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New life in Old Town Florissant: a bakery, pizzeria and brewery take form amid a pandemic

New life in Old Town Florissant: a bakery, pizzeria and brewery take form amid a pandemic


FLORISSANT — A few new businesses cropping up in Old Town Florissant are defying the often-bleak picture painted of north St. Louis County, and they’re doing it amid a pandemic that’s keeping people home.

A craft bakery is set to open for to-go orders in the coming weeks. A wood-fired pizza place began carryout in June. And a brewery making its beer in the basement of a mainstay Italian restaurant is readying to open its own tap room sometime next year.

Florissant has struggled to keep some of its larger retailers. While the population of the county’s biggest city has stabilized, it was hit by a wave of brick-and-mortar closings in recent years, including Lowe’s, Pier 1, Kmart and Shop ‘n Save. And in scenes reminiscent of its neighbor Ferguson, Florissant has been a major target of protests this summer after one of its officers was caught on camera striking a Black man with a police vehicle. The officer has been fired.

But the owners of these three Old Town businesses all live in Florissant. Some grew up here. And they are investing in the town they love even as the coronavirus decimates shops and restaurants here and everywhere.

The virus certainly set back Lia Weber’s plans.

She bought the building at 610 Rue St. Francois in May 2019, then gutted it and built it into a bakery with small, cozy tables and gleaming white tiles.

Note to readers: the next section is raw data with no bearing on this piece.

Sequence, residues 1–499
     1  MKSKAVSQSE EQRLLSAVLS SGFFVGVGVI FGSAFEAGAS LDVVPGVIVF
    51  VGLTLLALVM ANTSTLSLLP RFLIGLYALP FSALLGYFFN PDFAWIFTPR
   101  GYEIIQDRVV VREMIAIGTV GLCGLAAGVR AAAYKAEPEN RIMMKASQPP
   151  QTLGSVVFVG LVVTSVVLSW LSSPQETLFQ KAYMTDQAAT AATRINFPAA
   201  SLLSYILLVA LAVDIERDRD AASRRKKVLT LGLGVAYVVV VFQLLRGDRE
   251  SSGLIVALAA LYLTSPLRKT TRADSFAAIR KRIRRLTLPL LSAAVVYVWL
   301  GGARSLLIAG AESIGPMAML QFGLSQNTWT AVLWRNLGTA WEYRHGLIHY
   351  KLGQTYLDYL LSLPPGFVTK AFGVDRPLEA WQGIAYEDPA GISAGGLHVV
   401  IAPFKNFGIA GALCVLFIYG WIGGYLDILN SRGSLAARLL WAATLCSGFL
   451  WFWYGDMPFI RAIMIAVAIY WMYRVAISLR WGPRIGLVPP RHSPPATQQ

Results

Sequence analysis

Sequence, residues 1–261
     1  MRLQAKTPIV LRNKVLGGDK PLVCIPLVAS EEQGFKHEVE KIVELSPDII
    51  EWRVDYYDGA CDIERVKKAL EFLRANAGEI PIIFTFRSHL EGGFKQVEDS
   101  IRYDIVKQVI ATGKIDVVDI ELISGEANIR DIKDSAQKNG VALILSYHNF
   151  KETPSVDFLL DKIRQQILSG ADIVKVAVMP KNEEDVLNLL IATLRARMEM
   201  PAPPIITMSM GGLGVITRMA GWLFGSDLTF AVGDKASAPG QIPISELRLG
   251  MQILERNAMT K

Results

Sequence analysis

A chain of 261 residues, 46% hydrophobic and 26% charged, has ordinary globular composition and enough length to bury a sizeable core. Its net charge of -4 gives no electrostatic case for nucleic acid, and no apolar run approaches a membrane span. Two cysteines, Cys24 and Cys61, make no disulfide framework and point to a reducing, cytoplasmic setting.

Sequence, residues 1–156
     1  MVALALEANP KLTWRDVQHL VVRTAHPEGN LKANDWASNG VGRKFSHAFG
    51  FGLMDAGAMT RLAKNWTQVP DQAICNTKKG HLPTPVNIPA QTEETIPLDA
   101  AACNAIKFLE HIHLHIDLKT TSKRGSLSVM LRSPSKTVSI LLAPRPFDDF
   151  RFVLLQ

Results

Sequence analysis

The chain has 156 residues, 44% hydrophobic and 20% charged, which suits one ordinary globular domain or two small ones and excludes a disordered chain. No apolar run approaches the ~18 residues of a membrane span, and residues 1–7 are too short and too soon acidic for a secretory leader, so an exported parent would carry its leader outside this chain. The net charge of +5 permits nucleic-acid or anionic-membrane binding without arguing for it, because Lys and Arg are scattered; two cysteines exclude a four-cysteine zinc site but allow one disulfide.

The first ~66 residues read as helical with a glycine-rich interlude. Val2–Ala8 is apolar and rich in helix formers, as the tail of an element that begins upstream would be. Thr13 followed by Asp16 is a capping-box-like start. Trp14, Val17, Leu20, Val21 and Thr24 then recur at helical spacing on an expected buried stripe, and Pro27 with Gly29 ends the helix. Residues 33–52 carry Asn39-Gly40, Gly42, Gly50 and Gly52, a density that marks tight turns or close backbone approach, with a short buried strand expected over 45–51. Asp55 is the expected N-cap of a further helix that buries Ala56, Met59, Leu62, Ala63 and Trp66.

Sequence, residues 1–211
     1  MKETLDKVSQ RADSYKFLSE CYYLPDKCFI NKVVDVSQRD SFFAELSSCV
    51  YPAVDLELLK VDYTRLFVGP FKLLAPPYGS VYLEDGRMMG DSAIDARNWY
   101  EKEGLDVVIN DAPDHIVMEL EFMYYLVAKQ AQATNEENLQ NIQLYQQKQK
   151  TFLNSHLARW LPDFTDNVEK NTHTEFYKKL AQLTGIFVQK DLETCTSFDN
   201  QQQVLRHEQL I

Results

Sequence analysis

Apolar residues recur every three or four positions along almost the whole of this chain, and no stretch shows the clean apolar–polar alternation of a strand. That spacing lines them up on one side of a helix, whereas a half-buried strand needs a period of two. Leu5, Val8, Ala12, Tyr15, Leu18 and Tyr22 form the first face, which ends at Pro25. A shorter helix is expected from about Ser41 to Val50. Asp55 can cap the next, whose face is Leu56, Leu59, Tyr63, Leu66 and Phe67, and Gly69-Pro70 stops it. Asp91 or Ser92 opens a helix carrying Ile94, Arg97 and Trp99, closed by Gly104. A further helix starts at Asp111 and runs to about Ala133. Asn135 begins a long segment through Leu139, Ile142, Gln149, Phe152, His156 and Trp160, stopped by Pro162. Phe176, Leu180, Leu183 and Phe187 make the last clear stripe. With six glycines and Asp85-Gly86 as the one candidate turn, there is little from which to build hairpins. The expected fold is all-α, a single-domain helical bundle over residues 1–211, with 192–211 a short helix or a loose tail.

Her shop, which she named “Made. By Lia,” was ready for a big launch on April 24.

But, as with most events caught in the pandemic, it didn’t happen.

“We were planning a grand opening,” she said. “And the world shut down.”

She had looked for a few years for a place. Weber, the winner of TLC’s “Next Great Baker” show in 2014 with baking partner Al Watson, scouted buildings downtown, in the Central West End, in Webster Groves and in Kirkwood.

When she found the right spot, it was a block from her house where she lives with her husband and kids, ages 3 and 11 months. She drives a golf cart to and from work.

“I would love for this to turn into a mini Webster or a mini Kirkwood,” Weber said of Old Town Florissant. “I think it has the potential to be a hip main street, and it just takes people following their dreams and investing their time and talents.”

And these days, it means doing so while facing the unrelenting uncertainty the coronavirus brings.

Weber got help from a Kickstarter campaign she launched a few weeks ago in hopes of raising $15,000 — it met that goal in 24 hours and has since exceeded $23,000.

A line backed up down the street for a recent pop-up event, opening the bakery for a day, and she’s busy with specialty orders — even a few wedding cakes, a source of revenue she has mostly lost, but hopes to recoup when rescheduled weddings happen next year.

“I’m sure this isn’t going away,” Weber said of the coronavirus. “So either way, I’ll be welcoming people with a smile on my face behind my mask.”